18. History (Cond.) No common source of data Analysis of department A originates from files XY Analysis of department B originates from databases XUVW Nosynchronization or sharing of data between XY and XUVW!

  19. History (Cond.) Wall Street journal Dept. A: +10% Sunday evening old accts Dept. B: -15% Wednesday pm large accts Business Week

  20. Locate data : 9-12 months Get data : 15-24 months History (Cond.) Problem with productivity To produce a corporate report  locate and analyze the data for the report  lots of files to explore

  21. A Change in the Approach Enterprise Applications Integration Data Warehouse Web Services Semantic Web Services

  22. Enterprise Applications Integration (EAI) What is EAI? Enterprise Applications Integration is a solution that supports real-time seamless access to information resident in a variety of repositories. Business processing logic is extracted from application code and placed into an EAI tool where it is graphically represented and manipulated.

  23. Today’s Business Reality BFDI E-Commerce 15 SAP 14 17 DRP 2 16 3 11 9 Customer Call Email CBCF BW Financials 12 Computer Telephony 6 Customer Call COPS 1 JDA 7 BW Tax System Computer Telephony 6 COPS 1 JDA 7 1 ? 13 10 4 5 8 BFDI 14 E-Commerce 1 13 10 15 SAP 4 5 8 14 BFDI 14 E-Commerce 17 DRP 15 SAP 2 14 16 3 11 17 9 DRP 2 Email 16 CBCF Financials 3 11 12 9 Email CBCF Financials Tax System 12 Tax System Customer Call BW Computer Telephony 6 COPS 1 Customer Call JDA 7 BW Computer Telephony 6 COPS 1 1 13 10 JDA 4 7 5 8 BFDI 14 E-Commerce 15 SAP 1 13 10 4 14 5 8 BFDI 17 14 DRP E-Commerce 2 15 SAP 16 14 3 11 Customer Call 9 BW 17 DRP Computer Telephony 2 Email 6 CBCF Financials 16 COPS 1 12 3 11 JDA 7 9 Email Tax System CBCF Financials 12 1 13 10 4 5 8 BFDI 14 Tax System E-Commerce 15 SAP 14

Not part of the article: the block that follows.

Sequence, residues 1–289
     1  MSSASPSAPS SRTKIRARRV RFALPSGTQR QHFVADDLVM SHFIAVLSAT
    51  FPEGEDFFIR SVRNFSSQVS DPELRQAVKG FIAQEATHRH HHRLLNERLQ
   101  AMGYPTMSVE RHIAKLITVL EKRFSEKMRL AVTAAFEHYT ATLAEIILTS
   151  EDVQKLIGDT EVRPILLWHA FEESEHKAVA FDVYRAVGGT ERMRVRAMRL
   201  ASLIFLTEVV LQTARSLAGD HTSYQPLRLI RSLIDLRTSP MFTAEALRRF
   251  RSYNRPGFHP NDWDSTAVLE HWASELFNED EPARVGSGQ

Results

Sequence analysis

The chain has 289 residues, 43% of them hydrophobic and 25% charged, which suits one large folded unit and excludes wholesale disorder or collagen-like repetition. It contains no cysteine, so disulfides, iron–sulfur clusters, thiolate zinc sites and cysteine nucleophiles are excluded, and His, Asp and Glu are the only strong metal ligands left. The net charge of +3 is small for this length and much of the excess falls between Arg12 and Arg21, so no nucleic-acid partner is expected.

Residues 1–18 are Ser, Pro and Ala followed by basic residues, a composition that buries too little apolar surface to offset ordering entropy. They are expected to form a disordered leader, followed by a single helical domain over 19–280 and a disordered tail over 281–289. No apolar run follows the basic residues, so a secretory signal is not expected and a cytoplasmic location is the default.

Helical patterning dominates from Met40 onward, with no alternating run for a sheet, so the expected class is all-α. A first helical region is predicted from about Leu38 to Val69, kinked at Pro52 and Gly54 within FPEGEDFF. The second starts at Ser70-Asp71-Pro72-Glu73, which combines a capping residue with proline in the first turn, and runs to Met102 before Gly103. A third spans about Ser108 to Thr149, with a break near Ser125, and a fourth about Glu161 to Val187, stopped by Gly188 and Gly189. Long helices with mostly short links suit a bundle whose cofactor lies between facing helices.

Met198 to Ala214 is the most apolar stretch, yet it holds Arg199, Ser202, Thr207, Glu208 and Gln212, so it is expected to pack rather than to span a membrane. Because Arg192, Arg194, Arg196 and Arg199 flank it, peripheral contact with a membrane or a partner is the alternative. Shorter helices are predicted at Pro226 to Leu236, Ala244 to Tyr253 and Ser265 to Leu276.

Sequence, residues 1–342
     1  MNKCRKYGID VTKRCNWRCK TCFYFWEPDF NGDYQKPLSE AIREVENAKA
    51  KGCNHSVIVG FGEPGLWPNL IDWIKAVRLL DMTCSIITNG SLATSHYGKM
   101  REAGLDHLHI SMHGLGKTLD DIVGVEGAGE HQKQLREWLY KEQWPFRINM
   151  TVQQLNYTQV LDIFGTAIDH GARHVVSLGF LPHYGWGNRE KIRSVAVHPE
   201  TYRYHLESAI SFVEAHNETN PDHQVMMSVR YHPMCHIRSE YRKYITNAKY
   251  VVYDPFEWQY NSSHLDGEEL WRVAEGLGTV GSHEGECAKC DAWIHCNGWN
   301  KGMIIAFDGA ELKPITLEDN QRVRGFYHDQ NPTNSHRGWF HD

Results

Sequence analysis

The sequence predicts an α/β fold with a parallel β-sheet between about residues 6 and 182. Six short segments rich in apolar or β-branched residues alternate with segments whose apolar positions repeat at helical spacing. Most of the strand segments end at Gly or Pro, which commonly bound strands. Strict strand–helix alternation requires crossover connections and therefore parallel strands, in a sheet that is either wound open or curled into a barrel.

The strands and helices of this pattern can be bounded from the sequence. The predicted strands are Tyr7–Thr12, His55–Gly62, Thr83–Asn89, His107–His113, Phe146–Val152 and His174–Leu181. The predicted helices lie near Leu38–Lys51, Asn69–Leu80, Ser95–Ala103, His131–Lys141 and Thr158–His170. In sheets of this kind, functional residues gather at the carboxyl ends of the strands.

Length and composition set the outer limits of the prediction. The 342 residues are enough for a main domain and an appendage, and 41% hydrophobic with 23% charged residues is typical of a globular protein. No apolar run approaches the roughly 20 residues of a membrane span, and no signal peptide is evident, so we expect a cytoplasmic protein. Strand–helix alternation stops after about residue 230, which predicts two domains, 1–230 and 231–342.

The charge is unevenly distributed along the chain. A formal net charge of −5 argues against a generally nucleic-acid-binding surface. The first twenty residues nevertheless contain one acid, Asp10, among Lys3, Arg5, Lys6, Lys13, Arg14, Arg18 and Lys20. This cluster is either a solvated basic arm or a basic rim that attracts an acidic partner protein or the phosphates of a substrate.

24. Why EAI? The needs for AI stem primarily from the following business and technical objectives: 1. Integrate with outside partner/customer (as part of a merger) or a «net new» entity, which varies widely from a new set of e-commerce applications to supply chain integration. 2. Migrate towards a customer centric operating model to gain additional Insights in customer behaviors and identify new revenue streams and cross-selling opportunities. 3. Isolate components of huge monolithic systems so they can be replaced or retired because the legacy systems become un-maintainable. 4. Layer an end-user application (especially portals, CRM, and Web-based self-service) that must access data across multiple systems and/or databases. 5. Lower total cost of ownership by reducing system management complexity and maintenance costs.